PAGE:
Abstract: It is estimated that the prevalence of anaemia in patients scheduled for bariatric surgery is higher than in the general population and the prevalence of iron deficiencies (with or without anaemia) may be higher as well. After surgery, iron deficiencies and anaemia may occur in a higher percentage of patients, mainly as a consequence of nutrient deficiencies. In addition, perioperative anaemia has been related with increased postoperative morbidity and mortality and poorer quality of life after bariatric surgery. The treatment of perioperative anaemia and nutrient deficiencies has been shown to improve patients’ outcomes and quality of life. All patients should undergo an appropriate nutritional evaluation, including selective micronutrientmeasurements (e.g., iron), before any bariatric surgical procedure.In comparison with purely restrictive procedures, moreextensive perioperative nutritional evaluations arerequired for malabsorptive procedures due to their nutritional consequences. The aim of this study was to review the current knowledge of nutritional deficits in obese patients and those that commonly appear after bariatric surgery, specifically iron deficiencies and their consequences. As a result, some recommendations for screening and supplementation are presented.
Abstract: A gluten-free diet (GFD) is the treatment for celiac disease (CD), but due to its complexity, dietitian referral is uniformly recommended. We surveyed patients with CD to determine if dietitian use is associated with quality of life, symptom severity, or GFD adherence. The survey utilized three validated CD-specific instruments: the CD quality of life (CD-QOL), CD symptom index (CSI) and CD adherence test (CDAT). Four hundred and thirteen patients with biopsy-proven CD were eligible for inclusion. The majority (77%) were female and mean BMI was 24.1. Over three-quarters of patients (326, 79%) had seen a dietitian, however, 161 (39%) had seen a dietitian only once. Age, sex, and education level were not associated with dietitian use; nor was BMI (24.6 vs. 24.0, p = 0.45). On multivariate analysis, adjusting for age gender, education, duration of disease, and body mass index, dietitian use was not associated with CD-QOL, CSI, or CDAT scores. Our survey did not show an association between dietitian use and symptom severity, adherence, or quality of life. Delay in diagnosis was associated with poorer outcomes. This is a preliminary study with several limitations, and further prospective analysis is needed to evaluate the benefits and cost-effectiveness of dietitian-referral in the care of celiac disease patients.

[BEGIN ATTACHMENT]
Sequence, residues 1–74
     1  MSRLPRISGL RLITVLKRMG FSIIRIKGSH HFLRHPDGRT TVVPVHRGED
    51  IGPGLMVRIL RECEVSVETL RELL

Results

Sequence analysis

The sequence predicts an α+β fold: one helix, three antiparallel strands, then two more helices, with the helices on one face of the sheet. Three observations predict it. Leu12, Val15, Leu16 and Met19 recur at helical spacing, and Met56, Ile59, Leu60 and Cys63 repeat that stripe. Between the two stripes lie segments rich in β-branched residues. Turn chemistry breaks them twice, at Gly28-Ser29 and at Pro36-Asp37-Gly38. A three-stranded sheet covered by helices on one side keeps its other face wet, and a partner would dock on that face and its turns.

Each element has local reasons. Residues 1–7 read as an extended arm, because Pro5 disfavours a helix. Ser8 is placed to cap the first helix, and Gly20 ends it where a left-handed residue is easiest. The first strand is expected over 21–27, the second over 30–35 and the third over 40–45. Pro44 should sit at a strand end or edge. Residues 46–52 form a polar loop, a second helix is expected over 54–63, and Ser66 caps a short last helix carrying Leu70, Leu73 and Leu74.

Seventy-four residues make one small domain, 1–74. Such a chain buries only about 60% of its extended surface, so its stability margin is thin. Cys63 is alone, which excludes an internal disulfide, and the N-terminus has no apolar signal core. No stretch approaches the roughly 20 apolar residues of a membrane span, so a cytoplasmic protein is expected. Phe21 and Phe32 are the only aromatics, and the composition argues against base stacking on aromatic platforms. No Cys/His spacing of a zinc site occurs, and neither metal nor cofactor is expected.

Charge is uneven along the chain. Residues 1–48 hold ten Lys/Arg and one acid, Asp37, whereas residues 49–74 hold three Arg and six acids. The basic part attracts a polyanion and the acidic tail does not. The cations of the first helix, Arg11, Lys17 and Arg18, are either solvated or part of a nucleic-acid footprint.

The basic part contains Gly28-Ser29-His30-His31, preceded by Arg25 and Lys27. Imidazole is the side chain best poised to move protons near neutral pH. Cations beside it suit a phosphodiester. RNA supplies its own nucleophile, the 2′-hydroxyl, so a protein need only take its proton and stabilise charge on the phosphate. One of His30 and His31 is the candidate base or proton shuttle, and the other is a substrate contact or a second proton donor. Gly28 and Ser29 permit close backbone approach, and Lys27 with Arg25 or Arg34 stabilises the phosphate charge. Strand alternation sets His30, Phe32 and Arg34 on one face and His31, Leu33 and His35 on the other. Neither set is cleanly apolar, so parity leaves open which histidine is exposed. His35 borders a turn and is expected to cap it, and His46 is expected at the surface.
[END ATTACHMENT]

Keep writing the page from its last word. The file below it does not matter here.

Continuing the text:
Abstract: Throughout history, chocolate has been used to treat a wide variety of ailments, and in recent years, multiple studies have found that chocolate can have positive health effects, providing evidence to a centuries-long established use; this acknowledgement, however, did not have a straight course, having been involved in religious, medical and cultural controversies. Christian Europe, in fact, feared the exhilarating effects of new drinks, such as chocolate, coffee and tea. Therefore, these beverages would have been banished, had not doctors and scientists explained that they were good for the body. The scientific debate, which reached its peak in Florence in the 18th century, regarded the therapeutic effectiveness of the various chocolate components: it was necessary to know their properties first, in order to prepare the best cacao concoction for every patient. When Dietetics separated from Medicine, however, chocolate acquired the role of vehicle for easing the administration of bitter medicines, being associated to different health problems. The recent rediscovery of the beneficial use of cacao and chocolate focuses upon its value as supplemental nutrition. Building a bridge to the past may be helpful to detect the areas where the potential health benefits of chocolate are likely to be further explored.